Clashes have broken out in Indian-administered Kashmir on the anniversary of the killing of a militant leader.
The security forces are reported to have used tear gas against stone-throwing protesters.
They also surrounded the hometown of Burhan Wani, 22, who was killed fighting Indian troops last year.
Separately seven people are reported to have been killed in shelling across the Line of Control that divides Indian and Pakistani-administered Kashmir.
Officials on the Pakistani side told Reuters that five people died in Indian shelling, while Indian officials say two people were killed by Pakistani fire.
There has been an armed revolt in the Muslim-majority region against rule by India since 1989, although violence has waned in recent years.
The disputed region is claimed by both India and Pakistan in its entirety. India blames Pakistan for fuelling the unrest, a claim denied by Islamabad.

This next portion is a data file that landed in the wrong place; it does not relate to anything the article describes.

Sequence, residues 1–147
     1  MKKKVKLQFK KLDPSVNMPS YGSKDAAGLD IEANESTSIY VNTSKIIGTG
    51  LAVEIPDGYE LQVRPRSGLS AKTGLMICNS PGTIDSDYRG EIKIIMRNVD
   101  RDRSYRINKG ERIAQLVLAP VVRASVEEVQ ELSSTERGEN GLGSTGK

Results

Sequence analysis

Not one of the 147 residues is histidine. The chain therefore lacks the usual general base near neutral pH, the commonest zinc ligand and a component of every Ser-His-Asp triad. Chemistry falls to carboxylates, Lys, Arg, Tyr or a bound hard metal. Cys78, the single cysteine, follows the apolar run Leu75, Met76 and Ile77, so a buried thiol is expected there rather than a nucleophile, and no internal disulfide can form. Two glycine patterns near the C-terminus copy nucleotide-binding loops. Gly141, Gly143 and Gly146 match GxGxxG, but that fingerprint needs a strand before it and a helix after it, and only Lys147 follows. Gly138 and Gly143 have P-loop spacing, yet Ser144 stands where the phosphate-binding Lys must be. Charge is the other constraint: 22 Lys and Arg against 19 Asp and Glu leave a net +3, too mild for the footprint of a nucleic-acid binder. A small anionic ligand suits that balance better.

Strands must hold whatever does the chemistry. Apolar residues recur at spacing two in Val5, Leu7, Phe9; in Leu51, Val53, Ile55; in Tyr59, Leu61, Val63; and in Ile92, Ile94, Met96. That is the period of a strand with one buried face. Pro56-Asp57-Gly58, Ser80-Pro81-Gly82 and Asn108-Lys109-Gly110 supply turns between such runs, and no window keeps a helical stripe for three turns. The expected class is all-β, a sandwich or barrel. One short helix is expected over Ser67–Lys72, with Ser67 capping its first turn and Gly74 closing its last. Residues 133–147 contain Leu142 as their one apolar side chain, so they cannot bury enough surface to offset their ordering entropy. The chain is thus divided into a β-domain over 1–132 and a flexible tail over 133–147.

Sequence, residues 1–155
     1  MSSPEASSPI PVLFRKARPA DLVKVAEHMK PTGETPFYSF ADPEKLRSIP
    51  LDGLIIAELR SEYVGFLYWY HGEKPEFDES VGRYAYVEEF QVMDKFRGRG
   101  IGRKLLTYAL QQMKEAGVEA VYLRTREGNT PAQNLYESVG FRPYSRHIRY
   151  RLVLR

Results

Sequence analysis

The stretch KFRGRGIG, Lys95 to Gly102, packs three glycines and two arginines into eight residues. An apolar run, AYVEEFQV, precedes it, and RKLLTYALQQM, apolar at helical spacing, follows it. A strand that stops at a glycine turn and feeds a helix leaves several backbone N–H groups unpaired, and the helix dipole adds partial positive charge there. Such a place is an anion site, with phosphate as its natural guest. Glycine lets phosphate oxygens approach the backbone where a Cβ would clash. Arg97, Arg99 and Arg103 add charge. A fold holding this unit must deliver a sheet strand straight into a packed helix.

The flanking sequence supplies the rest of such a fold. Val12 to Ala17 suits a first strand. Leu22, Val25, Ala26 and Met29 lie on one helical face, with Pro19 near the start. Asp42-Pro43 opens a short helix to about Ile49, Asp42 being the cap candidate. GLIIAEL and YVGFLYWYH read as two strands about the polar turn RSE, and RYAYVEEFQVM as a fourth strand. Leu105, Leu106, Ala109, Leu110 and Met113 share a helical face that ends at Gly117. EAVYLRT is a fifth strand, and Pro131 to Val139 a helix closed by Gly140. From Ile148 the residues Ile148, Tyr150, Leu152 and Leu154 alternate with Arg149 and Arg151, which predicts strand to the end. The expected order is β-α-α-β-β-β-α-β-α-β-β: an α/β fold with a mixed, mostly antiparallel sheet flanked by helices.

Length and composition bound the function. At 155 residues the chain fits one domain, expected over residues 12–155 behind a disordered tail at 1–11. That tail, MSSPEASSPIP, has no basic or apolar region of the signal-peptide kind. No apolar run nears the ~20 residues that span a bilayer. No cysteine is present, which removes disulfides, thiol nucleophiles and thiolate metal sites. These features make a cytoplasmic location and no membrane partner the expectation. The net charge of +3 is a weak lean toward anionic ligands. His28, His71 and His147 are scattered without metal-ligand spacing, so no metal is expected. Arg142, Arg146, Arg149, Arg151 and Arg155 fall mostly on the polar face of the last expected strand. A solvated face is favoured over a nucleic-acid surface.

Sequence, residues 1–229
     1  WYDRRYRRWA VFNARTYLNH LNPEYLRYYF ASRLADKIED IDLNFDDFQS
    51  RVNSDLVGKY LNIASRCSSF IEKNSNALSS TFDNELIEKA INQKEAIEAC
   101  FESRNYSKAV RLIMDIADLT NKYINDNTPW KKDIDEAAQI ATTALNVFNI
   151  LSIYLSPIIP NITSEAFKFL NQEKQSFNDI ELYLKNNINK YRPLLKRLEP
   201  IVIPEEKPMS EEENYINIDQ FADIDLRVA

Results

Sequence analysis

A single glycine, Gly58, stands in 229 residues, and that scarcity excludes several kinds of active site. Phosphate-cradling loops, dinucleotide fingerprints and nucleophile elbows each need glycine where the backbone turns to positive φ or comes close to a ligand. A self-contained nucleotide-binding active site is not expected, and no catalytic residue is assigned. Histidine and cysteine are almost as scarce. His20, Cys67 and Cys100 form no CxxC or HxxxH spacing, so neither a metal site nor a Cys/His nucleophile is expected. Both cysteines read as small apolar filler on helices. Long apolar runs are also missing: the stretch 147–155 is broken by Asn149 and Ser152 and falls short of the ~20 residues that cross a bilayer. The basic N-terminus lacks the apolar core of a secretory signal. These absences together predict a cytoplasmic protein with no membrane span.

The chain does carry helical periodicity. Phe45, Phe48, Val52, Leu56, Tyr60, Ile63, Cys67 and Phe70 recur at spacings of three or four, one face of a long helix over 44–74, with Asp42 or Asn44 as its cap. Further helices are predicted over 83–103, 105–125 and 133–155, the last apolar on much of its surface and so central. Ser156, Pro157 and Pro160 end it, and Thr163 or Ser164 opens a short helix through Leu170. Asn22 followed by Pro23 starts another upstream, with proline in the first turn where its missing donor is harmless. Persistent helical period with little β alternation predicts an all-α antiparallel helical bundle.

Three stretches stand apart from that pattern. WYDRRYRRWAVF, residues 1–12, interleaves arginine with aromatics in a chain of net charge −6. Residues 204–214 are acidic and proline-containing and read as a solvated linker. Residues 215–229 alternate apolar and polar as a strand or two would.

Burhan Wani is credited with reviving the image of militancy in Muslim-majority Indian-administered Kashmir, becoming a figurehead for young people.
Saturday’s violence started as people tried to walk to his home in Tral – where he died in a shootout with the army last July.
His death led to a wave of protests during which dozens of people were killed.
The Indian authorities imposed heavy restrictions in the Kashmir valley for the anniversary, stopping internet access and sealing off Tral.
There have also been reports of army personnel being injured in a militant attack overnight on Friday.
- Born to a highly-educated upper-class Kashmiri family
- Reported to have been driven to militancy at the age of 15, after his brother and he were beaten up by police “for no reason”
- He was extremely active on social media, and unlike other militants, did not hide his identity behind a mask
- India considered Wani a terrorist, but for many locals he represented the spirit and political aspirations of a new Kashmiri generation
- Indian officials have admitted that he was instrumental in persuading local boys to take up arms against India